I hope to go on a biking vacation this June. It's not definitive yet, but I really hope to go. What tires would you guys recommend? Right now I'm using cheapo Kinda Kross Plus 700x40c that crepitus linked in his reply because they were dirt cheap so I thought why not get them just in case. However, I'm thinking I need something better for protection against flats and something that will last me long time.

    The biking trip (hopefully, if I can handle this much distance) is going to be at least 500 miles and I hope to put 400-600 miles on them training before the trip. So if I get these tires they must last me at least 1500 miles just to be safe they do not disintegrate on me in the middle of my biking trip. They will be used on a full rigid 29er Sette Razzo, so tire clearance is somewhat of an issue. I weigh 155 pounds or about 70 kilos, plus add another 10 pounds for clothes and gear and I will also be using two pannier racks in front and rear, not sure about load on those pannier racks, but I hope to keep it under 40-60 pounds total. The trip will be over pavement or crushed limestone trails, no offroading/actual mountain biking of any kind.

    So to summarize:
    -Need to last at least 1500 miles
    -Will be used on Full Rigid 29er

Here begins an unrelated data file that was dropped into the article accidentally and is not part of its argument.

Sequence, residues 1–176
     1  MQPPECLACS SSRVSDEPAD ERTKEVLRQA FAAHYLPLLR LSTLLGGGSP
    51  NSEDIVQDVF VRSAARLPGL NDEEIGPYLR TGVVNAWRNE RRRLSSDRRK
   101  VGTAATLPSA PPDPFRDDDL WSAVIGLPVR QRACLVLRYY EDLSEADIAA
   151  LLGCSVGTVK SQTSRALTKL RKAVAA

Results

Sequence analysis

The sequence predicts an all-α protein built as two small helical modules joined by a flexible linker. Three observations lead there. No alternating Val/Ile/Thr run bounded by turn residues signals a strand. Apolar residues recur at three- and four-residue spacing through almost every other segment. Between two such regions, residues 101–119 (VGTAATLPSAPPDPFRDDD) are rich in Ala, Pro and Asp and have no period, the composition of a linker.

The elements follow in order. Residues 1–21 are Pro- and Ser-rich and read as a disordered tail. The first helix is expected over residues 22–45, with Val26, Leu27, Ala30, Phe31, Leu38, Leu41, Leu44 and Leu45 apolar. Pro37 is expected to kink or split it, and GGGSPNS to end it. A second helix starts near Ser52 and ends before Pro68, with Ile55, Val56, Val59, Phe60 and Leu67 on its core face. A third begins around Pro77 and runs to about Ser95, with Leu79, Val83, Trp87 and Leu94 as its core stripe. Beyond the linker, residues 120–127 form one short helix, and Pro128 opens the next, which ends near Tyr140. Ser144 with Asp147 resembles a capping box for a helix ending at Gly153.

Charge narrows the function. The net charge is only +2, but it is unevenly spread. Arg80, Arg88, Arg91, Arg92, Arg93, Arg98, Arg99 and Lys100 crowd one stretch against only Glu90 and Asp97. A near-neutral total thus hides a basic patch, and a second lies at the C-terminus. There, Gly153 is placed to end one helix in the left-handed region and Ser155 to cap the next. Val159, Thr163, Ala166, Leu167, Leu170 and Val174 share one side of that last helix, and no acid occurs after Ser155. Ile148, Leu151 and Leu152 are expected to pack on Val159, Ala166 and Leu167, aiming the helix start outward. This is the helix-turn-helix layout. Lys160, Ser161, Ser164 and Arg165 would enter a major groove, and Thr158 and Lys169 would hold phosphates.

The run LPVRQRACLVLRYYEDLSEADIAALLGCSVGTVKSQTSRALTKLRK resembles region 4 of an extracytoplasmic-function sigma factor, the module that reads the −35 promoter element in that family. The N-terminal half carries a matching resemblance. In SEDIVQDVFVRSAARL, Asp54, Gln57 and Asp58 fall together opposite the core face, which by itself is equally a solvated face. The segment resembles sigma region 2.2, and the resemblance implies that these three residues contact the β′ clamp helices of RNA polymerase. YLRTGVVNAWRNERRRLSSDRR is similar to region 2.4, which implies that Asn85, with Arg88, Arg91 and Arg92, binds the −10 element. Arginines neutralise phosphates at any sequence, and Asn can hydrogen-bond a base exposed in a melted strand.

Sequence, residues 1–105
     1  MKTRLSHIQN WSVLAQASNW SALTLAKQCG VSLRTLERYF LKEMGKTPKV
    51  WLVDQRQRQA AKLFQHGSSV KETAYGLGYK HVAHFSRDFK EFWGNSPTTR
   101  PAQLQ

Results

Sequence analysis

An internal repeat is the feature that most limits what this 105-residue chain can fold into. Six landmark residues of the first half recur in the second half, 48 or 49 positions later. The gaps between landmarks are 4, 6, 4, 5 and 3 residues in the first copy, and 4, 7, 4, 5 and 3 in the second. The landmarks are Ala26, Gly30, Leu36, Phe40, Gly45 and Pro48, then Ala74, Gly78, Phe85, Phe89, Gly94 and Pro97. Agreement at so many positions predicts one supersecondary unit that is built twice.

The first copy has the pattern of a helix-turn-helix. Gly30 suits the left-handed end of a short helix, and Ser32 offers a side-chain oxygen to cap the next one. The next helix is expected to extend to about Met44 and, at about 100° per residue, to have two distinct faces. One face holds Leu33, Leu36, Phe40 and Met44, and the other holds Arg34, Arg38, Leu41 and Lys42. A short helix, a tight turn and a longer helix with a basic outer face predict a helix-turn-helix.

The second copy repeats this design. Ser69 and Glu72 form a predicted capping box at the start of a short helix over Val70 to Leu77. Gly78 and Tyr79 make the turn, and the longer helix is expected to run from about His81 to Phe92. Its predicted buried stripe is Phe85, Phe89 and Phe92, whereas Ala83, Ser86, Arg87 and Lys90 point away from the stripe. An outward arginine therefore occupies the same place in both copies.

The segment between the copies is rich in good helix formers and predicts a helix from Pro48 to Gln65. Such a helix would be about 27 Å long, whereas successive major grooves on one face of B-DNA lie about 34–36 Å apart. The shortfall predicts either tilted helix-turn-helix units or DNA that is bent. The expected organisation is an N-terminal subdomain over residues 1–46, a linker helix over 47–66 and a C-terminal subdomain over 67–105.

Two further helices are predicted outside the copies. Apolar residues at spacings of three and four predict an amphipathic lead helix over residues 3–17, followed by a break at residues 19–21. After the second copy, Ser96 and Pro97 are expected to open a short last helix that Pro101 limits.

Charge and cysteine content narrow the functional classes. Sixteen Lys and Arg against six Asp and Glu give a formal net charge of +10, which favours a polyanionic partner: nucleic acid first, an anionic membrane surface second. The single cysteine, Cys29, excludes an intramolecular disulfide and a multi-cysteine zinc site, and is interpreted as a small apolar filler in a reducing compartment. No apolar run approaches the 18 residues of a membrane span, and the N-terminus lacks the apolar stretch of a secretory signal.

-Should fit Sette Razzo frame
    -Should handle up to 250 pounds (about 115kg) load
    -Need to be puncture resistant
    -Rolling resistance is important since we hope to average about 50 miles a day
    -The lighter the better since I do not want to push extra weight
    -Must fit Mavic TN719 rim (recommended tire width for the rim is 1.50"-2.30")

    What do you guys recommend? Big Apples Folding Bead LiteSkin? 2.0 or 2.35? Will 2.35 Big Apple even fit Sette Razzo frame? Or Schwalbe Marathon Supreme Folding Bead? If so should I go with 29x2.0 or lighter 700x40c?I'll be saving close to a pound total weight. However, will Schwalbe 700x40c fit on my TN719 rim?



    Thanks guys!
    Last edited by Daniil; 04-30-2010 at 06:56 AM.

  34. #34
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    I just don't understand some of you guys. What difference does it make if a set of tires weighs a pound more on a road trip when you have 80lbs loaded on a bike in panniers? Totally nuts! All this crap about how light you can make your bike, your all just a bunch of pussies as far as I can see! My bike weighs over 40 lbs and I ride it at least 10 miles a day in 15-20MPH headwinds. I never complain about the weight! and I'm 63 years old. Weight weenies!
    Old age and treachery will overcome youth and skill!

  35. #35
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    Quote Originally Posted by Blazerwolf